Deep Brain Stimulation

What is deep brain stimulation?

Deep Brain Stimulation (DBS) is a type of brain surgery. During this surgery, thin wires (electrodes) are implanted permanently into specific areas of the brain. These electrodes are connected by wires under the skin to a small electrical unit called a generator. The generator is similar to a heart pacemaker and is placed under the skin of the chest. It allows for constant electrical stimulation of specific brain areas involved in movement disorders.

What is the advantage of DBS compared to other surgical techniques?

Older surgical approaches to movement disorders involved destruction of brain tissue and were therefore irreversible. In contrast, DBS allows us to control the abnormal activity of brain cells near the stimulating electrode without destroying brain tissue. In addition, the generator can be adjusted or turned off, allowing for greater flexibility in the treatment of neurological conditions. Under most circumstances, we believe that this technology is superior to and safer than other surgical techniques, such as pallidotomy or thalamotomy.

What movement disorders are eligible for treatment with DBS?

DBS is approved by the federal Food and Drug Administration (FDA) for treatment of essential tremor and Parkinsons disease. It is FDA-approved for humanitarian use in generalized or focal dystonia, which includes the diagnosis of torticollis. Medicare also considers the use of DBS as appropriate therapy to consider in patients with essential tremor, Parkinsons disease, and dystonia.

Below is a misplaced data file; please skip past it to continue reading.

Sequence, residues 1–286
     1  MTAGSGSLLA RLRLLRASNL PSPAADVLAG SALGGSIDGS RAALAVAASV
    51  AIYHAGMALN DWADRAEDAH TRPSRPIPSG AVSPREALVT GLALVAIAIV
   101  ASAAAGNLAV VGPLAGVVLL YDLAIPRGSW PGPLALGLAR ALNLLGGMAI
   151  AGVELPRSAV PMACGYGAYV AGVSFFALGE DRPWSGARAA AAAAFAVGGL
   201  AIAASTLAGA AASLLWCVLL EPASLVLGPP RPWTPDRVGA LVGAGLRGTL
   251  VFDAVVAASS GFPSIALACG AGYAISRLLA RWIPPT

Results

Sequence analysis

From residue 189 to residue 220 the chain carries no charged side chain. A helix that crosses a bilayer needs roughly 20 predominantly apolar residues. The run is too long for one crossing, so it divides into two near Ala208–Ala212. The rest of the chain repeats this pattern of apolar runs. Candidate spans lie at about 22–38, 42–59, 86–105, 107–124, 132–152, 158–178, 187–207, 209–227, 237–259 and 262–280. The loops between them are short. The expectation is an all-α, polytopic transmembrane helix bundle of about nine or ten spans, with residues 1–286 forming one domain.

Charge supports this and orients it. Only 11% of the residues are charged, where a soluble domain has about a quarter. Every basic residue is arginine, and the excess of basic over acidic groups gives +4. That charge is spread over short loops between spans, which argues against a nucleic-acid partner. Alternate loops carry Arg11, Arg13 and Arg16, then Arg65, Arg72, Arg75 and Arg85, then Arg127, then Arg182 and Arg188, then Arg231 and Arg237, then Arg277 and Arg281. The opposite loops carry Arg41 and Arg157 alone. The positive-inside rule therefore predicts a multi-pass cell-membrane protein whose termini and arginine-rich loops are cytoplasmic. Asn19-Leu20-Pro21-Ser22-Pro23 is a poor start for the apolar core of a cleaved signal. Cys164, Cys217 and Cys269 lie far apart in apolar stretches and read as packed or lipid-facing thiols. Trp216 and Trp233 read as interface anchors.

How does DBS help movement problems? Is it a cure?

The goal of DBS is to improve the control of movement. Depending on the type of movement disorder, this may result in a reduction in tremor, rigidity, dyskinesia or dystonia. Your neurologist and neurosurgeon will discuss specifically which of your symptoms they anticipate to improve with DBS surgery.

DBS is not a cure for any disease. It helps control the symptoms of your condition and may provide you with a better quality of life. Surgery will not make your illness go away, and has not been shown to prevent the progression of disease.

If you or your patient might benefit from DBS therapy, contact the Vanderbilt Movement Disorders Clinic, which the National Parkinson's Disease Foundation has recognized as a Center of Excellence.

More information about DBS: